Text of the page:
I have had multiple conversations with pastors and other church leaders in recent weeks revealing the final hurdle in our return from the limitations of the global pandemic might be the most challenging. During these conversations, my friends and colleagues share the difficulty they are having uniting congregations that have spent the past 15-months separated from one another by crisis.
No two challenges are the same. Some are having difficulty with congregants returning and staking claims to former analog ministry leadership roles that other members have been leading in online formats, creating tension between in person and online ministry approaches and church leadership dynamics. Some congregations have relied heavily on their pastor’s abilities to lead worship services, format, edit, and post digital content, engage in community connections, lead small groups, and a host of other ministry opportunities. Now as people are returning to more familiar formats of worship and ministry, they want their pastors to continue doing these things, while bringing back and leading all the usual ministry activities, pushing them beyond their skill levels and time availability.
Some pastors and congregations have been in hibernation for the past year. They are still alive, but weak and will require a season of waking up and once again practicing habits of discipleship before they are ready to engage more fully in mission and ministry. And still others will spend the next year mending fences and initiating reconciliation to repair all the rhetoric and accusations hurled at fellow church members on social media from the safety of their living rooms.
To help bring unity out of will require a new commitment to community life. We must be drawn away from the temptation to retreat further into our silos that deepen our anger, minimize our complicity, and intensify our anxieties, preventing the sacred work of reconciliation, restoration, healing, and hope from taking root.
We need sacred space to where enemies can become neighbors; neighbors can become friends; and friends can become family. A place where our stories and be shared and known with all of their rich complexities, until they weave together into a cohesive fellowship, that embodies the fullness of life and unity in Christ.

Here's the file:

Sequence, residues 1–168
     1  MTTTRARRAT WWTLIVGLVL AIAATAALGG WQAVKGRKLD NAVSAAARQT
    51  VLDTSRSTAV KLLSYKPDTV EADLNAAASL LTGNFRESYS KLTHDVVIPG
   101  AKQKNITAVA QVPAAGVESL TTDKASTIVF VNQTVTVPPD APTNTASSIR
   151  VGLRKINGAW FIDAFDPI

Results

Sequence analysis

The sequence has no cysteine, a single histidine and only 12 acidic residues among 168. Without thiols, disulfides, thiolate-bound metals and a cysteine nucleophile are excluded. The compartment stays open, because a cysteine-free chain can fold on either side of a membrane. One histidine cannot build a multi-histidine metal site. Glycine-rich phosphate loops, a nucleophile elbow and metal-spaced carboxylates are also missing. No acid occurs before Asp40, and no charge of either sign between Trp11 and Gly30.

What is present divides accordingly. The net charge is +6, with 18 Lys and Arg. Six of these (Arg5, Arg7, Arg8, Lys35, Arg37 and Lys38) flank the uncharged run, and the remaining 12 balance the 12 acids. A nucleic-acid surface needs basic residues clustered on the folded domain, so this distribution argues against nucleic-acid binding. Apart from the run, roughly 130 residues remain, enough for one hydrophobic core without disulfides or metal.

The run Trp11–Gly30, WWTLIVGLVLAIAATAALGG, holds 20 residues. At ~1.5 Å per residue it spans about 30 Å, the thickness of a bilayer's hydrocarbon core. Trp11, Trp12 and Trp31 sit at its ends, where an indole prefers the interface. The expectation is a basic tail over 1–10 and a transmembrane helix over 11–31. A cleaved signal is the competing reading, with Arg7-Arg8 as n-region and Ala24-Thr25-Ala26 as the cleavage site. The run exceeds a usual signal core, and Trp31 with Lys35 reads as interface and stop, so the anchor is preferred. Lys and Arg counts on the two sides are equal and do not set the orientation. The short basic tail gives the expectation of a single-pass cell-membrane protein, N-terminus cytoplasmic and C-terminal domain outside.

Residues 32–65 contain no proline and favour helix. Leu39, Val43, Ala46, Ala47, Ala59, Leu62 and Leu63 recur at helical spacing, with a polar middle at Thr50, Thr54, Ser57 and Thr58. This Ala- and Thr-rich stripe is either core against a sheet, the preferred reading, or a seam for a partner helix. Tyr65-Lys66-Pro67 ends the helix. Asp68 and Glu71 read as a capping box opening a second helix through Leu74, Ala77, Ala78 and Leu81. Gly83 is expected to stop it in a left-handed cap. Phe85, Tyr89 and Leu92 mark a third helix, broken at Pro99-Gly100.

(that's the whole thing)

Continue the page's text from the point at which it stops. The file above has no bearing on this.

The only thing big enough to hold all of life in this way is the table. Every aspect of our life intersects at the table. The table is where we celebrate our greatest achievements and mourn our deepest tragedies. It holds our dreams and our tears. It is where we ponder deeply the realities of life and our place within it. But mostly the table is where we eat. Eating with others is holy work because meals are the gateway into the deeper mysteries of faith and life.
There is no room for naivety in utilizing such a metaphor and it has always been fraught with crisis. For example, Paul calls on the Jesus followers in Galatia and Colossae to see beyond traditional gender, social, and ethnic divides and recognize they are all one in Christ by first referring to them as brothers and sisters (see Galatians 3 and Colossians 3). The hope filled example of everyone uniting to share everything in common over meals and the common story of the resurrection in Acts 2 is quickly tempered by their unwillingness to welcome Gentiles into that story. Paul’s letters to local churches are filled with examples of Jesus followers abusing their fellow disciples and causing harm to the community of faith. Were it not for their struggles, we would not have much of the New Testament.
Community is hard work. Uniting men and women from different cultures, ethnicities, geographies, sexualities, political perspectives, financial wellness, and personalities in mutual submission to Christ and love for one another requires lots of courage and intentional effort. If we follow the way of the early church, we will discover most of the work is done one meal at a time. Eating meals with others creates the holy space necessary for meaningful relationships to develop. Through the table we start to see the beauty of the God-breathed image bearer in each of us. This is cause for celebration and wonderment.
If we are honest, we will realize not all is well. Difficult conversations must also be had at the table. Interpersonal and corporate grievances must be addressed: whom have I lied to, whose trust have I broken, what commitments have I failed to uphold, whom do I need to extend mercy and forgiveness? A community unwilling to gather at the table together to listen to Christ and to one another is a community destined for fraction.
This how the table begins to move us away from crisis and into community. Challenging conversations are best held at the table, because Christ alone hosts and possesses the capability to take us as we are, blessing us as image bearers, breaking us of the rough spots that do not conform to his kingdom vision, and returning us to world changed into kingdom citizens.
Living a life shaped by the table will not immediately change all the division and chaos. But it is the way out of crisis. The table creates space for us to see the world through the lens of Christ’s active workings in our lives and communities. The table creates space for us to be seen and loved and valued. The table creates space to meditate on scripture in the context of community. The table is where everything touches: the church and the neighborhood, faith and life, confession and forgiveness, listening and storytelling, communion and community.
Rev. Dr. Greg Mamula is the Associate Executive Minister for the American Baptist Churches of Nebraska, and a contributing writer for Word&Way. He is author of Table Life: An Invitation to Everyday Discipleship, published by Judson Press in print and e-reader versions from online distributers including Amazon. To learn more information visit www.table-life.org.